What Is Umami? Diving Into This Unique Fifth Sense Of Taste

What Is Umami? Diving Into This Unique Fifth Sense Of Taste-Japanese Taste
Jump to:

    Umami is one of the 5 senses of taste that everyone is probably familiar with. It comes from the Japanese language and literally means ‘delicious taste’. It is often used to describe “savory” or “meaty” flavors, but it can also be used to describe a dish that has a “deep” flavor. But what exactly sets umami apart from other tastes? Is umami just a buzzword? Or is it worthy of being one of the 5 senses of taste? In this article, we’d like to answer the question “what is umami” by looking into its history, what it actually tastes like and what kind of dishes you can find its flavor in to understand what umami is fully. 

    History Of Umami

    Umami is more of a recent discovery made by a Japanese scientist named Dr. Kikunae Ikeda. It is said that back in 1908, Ikeda was enjoying a bowl of kombu dashi, and noticed that it had a distinctive taste that was different from the other four elements of taste – salty, sweet, bitter, and sour. Ikeda decided to name this newfound flavor profile “umami” and later attributed kombu’s unique umami flavor to glutamate.

    What Does Umami Taste Like?

    What Does Umami Taste Like?

    Umami is quite literally thought of as the “essence of deliciousness” in Japanese and is often used to describe foods that have a more savory, meaty, or deep flavor. Several components contribute to umami’s unique flavor profile, but the main contributing factors are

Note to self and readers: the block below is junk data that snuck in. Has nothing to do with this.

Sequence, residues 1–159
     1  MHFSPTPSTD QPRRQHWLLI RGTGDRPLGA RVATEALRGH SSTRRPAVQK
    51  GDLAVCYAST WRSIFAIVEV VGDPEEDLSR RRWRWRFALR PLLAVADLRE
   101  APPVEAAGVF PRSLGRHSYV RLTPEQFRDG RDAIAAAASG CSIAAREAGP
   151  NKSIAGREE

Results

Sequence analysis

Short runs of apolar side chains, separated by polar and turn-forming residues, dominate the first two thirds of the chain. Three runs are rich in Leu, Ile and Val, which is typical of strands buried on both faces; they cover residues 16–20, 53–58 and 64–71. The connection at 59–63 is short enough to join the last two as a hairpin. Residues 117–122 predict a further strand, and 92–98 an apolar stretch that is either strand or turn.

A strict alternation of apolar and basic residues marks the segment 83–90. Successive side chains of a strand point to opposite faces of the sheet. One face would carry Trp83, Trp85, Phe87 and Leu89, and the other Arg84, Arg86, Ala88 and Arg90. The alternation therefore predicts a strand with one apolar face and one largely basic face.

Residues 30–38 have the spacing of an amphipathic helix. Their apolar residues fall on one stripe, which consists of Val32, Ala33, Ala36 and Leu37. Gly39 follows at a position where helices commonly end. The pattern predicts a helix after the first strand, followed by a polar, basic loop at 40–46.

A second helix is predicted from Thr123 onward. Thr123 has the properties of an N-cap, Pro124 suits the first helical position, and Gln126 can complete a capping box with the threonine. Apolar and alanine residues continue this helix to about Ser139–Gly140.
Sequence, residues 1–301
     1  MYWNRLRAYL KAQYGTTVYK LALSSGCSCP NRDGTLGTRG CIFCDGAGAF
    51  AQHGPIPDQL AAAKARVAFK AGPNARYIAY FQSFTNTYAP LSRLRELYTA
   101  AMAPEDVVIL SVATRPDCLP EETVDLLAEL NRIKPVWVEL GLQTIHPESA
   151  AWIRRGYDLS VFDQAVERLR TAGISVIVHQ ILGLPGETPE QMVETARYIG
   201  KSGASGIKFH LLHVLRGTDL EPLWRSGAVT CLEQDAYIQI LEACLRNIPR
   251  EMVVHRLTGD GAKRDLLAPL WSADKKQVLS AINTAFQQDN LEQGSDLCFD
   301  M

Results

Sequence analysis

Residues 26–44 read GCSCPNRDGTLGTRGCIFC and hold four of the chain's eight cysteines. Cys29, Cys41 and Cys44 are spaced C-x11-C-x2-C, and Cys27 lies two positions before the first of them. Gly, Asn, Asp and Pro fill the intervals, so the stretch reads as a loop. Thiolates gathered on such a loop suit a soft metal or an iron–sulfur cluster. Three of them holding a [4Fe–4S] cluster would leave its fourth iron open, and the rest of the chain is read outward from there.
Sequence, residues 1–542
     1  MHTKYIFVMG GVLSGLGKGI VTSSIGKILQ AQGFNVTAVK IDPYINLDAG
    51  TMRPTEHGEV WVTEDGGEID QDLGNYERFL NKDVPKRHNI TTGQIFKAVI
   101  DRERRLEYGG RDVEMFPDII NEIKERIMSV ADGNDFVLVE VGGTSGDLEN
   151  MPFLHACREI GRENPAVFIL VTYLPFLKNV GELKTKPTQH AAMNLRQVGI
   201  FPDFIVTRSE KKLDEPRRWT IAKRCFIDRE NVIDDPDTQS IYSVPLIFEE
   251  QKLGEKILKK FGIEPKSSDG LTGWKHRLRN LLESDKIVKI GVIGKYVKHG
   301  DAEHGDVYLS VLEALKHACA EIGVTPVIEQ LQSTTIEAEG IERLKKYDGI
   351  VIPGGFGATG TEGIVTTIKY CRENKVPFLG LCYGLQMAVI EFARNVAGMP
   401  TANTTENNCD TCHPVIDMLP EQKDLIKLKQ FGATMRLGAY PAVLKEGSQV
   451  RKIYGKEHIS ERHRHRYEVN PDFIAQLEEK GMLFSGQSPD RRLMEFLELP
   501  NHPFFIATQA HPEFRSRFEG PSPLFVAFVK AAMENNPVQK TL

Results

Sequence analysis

glutamic acid, inosinic acid, and guanylic acid. All three of these naturally occurring compounds contribute to umami’s unique taste. That’s why when experiencing umami, you might notice a rich, full-bodied flavor sensation that enhances the overall taste of the food and lasts on your tongue for a while.

    Where Is Umami Flavor Found?

    There are so many different foods and even beverages that contain umami that the list can really go on forever, but here are different categories and kinds of foods that umami flavor is naturally present in: 

    • Meats: Beef, pork, chicken
    • Seafood: Mackerel, tuna, salmon
    • Mushrooms: Shiitake, porcini, portobello
    • Cheese: Parmesan, cheddar, gouda, and other aged cheeses
    • Tomatoes: fresh, sun-dried, and even tomato sauces
    • Soy Products: miso, soy sauce, and tofu
    • Fermented Foods & Sauces: fish sauce, Worcestershire sauce, fermented soybean paste, kimchi
    • Vegetables: Asparagus, Spinach
    • Green Tea: Matcha, Gyokuro, Sencha, Hojicha, Genmaicha

    When you taste umami flavor, your taste buds might experience a full-bodied flavor that adds to the overall flavor of the food you’re eating, thus elevating depth and complexity.

    Properties Of Umami

    Properties Of Umami

    Umami carries different properties that may help you determine its taste and flavor profile when you are eating something that contains umami flavor. 

    • Savory taste: Umami-rich foods have a more savory flavor profile than the other senses of taste. The savory aspect of umami is due to glutamate.
    • Enhancing flavor: Since umami taste is savory and rich, it has the ability to enhance flavor. This increases the satiation factor of umami-rich foods.